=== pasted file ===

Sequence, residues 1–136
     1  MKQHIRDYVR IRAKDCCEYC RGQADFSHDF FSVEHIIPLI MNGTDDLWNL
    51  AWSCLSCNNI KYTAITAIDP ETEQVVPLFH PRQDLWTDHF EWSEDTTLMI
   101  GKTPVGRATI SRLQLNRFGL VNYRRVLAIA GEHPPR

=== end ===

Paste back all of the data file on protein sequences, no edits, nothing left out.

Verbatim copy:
Sequence, residues 1–136
     1  MKQHIRDYVR IRAKDCCEYC RGQADFSHDF FSVEHIIPLI MNGTDDLWNL
    51  AWSCLSCNNI KYTAITAIDP ETEQVVPLFH PRQDLWTDHF EWSEDTTLMI
   101  GKTPVGRATI SRLQLNRFGL VNYRRVLAIA GEHPPR